Evidence for volcanic craters on Saturn's moon Titan

Volcano-like features seen in polar regions of Saturn's moon Titan by NASA's Cassini spacecraft could be evidence of explosive eruptions that may continue today, according to a new paper by Planetary Science Institute Senior ...

The dark dunes of Mars: Moreux crater

Known for its wide swathes of rippling, textured, gently sloping dunes, the Terra Sabaea region on Mars is home to many fascinating geological features—including the prominent Moreux crater, the star of a new image from ...

Sand dunes can 'communicate' with each other

Even though they are inanimate objects, sand dunes can 'communicate' with each other. A team from the University of Cambridge has found that as they move, sand dunes interact with and repel their downstream neighbours.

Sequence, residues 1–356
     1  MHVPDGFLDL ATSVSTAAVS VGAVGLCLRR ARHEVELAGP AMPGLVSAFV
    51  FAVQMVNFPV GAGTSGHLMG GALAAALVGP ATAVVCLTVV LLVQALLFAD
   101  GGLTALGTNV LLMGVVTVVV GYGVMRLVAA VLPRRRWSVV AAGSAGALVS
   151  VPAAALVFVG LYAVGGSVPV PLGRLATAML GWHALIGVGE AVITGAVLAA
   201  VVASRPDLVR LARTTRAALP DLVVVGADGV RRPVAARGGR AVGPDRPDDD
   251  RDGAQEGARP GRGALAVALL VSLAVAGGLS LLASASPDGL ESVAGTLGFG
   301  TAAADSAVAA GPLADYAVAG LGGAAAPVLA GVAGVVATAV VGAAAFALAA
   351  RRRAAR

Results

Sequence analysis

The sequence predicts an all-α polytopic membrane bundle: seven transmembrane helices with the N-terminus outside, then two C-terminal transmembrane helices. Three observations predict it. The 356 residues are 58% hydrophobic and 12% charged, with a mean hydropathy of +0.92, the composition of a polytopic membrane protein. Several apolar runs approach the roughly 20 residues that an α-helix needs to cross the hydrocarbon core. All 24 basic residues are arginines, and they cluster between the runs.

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Dune

In physical geography, a dune is a hill of sand built by wind. Dunes occur in different forms and sizes, formed by interaction with the wind. Most kinds of dunes are longer on the windward side where the sand is pushed up the dune and have a shorter "slip face" in the lee of the wind. The valley or trough between dunes is called a slack. A "dune field" is an area covered by extensive sand dunes. Large dune fields are known as ergs.

Some coastal areas have one or more sets of dunes running parallel to the shoreline directly inland from the beach. In most cases the dunes are important in protecting the land against potential ravages by storm waves from the sea. Although the most widely distributed dunes are those associated with coastal regions, the largest complexes of dunes are found inland in dry regions and associated with ancient lake or sea beds.

Dunes also form under the action of water flow (alluvial processes), and on sand or gravel beds of rivers, estuaries and the sea-bed.

The modern word "dune" came into English from French circa 1790. In ancient times, words cognate to "dune" probably had the meaning of a built-up hill or citadel fortification.

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